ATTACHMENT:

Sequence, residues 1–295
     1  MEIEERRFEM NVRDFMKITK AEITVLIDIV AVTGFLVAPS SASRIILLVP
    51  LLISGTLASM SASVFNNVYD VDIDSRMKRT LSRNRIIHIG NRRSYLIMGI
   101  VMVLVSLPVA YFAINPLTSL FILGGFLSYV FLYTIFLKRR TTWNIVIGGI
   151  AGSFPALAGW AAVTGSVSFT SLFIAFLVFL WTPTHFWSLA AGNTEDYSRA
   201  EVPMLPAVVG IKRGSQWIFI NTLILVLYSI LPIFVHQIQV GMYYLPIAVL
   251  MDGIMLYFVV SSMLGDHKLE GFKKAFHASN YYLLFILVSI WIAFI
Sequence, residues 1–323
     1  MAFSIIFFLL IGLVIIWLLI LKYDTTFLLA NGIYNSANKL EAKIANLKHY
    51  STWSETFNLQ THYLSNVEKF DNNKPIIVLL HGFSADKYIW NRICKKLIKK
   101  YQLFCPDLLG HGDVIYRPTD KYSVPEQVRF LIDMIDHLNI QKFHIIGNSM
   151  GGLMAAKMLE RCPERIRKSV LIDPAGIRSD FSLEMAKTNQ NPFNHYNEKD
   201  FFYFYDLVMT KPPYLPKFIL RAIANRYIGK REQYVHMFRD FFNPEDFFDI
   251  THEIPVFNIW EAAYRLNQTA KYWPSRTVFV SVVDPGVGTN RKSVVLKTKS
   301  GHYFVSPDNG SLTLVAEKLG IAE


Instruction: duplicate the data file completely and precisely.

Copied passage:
Sequence, residues 1–295
     1  MEIEERRFEM NVRDFMKITK AEITVLIDIV AVTGFLVAPS SASRIILLVP
    51  LLISGTLASM SASVFNNVYD VDIDSRMKRT LSRNRIIHIG NRRSYLIMGI
   101  VMVLVSLPVA YFAINPLTSL FILGGFLSYV FLYTIFLKRR TTWNIVIGGI
   151  AGSFPALAGW AAVTGSVSFT SLFIAFLVFL WTPTHFWSLA AGNTEDYSRA
   201  EVPMLPAVVG IKRGSQWIFI NTLILVLYSI LPIFVHQIQV GMYYLPIAVL
   251  MDGIMLYFVV SSMLGDHKLE GFKKAFHASN YYLLFILVSI WIAFI
Sequence, residues 1–323
     1  MAFSIIFFLL IGLVIIWLLI LKYDTTFLLA NGIYNSANKL EAKIANLKHY
    51  STWSETFNLQ THYLSNVEKF DNNKPIIVLL HGFSADKYIW NRICKKLIKK
   101  YQLFCPDLLG HGDVIYRPTD KYSVPEQVRF LIDMIDHLNI QKFHIIGNSM
   151  GGLMAAKMLE RCPERIRKSV LIDPAGIRSD FSLEMAKTNQ NPFNHYNEKD
   201  FFYFYDLVMT KPPYLPKFIL RAIANRYIGK REQYVHMFRD FFNPEDFFDI
   251  THEIPVFNIW EAAYRLNQTA KYWPSRTVFV SVVDPGVGTN RKSVVLKTKS
   301  GHYFVSPDNG SLTLVAEKLG IAE